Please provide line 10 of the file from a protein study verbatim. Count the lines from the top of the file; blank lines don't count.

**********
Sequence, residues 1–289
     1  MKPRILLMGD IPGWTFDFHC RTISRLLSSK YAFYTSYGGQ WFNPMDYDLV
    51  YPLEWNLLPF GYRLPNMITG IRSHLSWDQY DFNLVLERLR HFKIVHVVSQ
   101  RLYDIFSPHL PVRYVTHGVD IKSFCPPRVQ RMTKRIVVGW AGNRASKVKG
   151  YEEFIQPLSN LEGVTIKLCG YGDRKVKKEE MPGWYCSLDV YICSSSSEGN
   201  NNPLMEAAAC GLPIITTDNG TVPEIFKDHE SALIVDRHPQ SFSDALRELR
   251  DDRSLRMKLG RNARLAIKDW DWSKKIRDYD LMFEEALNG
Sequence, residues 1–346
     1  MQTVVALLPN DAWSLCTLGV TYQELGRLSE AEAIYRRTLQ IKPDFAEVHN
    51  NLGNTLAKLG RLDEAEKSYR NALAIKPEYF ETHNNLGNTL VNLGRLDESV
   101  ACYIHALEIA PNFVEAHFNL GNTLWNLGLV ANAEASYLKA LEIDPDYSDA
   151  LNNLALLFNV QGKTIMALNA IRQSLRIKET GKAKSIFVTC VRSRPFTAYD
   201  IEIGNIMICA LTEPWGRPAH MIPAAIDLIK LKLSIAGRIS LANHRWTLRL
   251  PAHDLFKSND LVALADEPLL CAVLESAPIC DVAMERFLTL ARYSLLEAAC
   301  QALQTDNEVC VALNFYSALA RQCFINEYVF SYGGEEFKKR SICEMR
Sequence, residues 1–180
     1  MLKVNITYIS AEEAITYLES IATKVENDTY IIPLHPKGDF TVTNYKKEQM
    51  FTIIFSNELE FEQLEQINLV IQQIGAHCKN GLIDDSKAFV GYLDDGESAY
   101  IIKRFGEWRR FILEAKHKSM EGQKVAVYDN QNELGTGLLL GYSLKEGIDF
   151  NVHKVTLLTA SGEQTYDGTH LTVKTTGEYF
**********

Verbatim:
    51  NLGNTLAKLG RLDEAEKSYR NALAIKPEYF ETHNNLGNTL VNLGRLDESV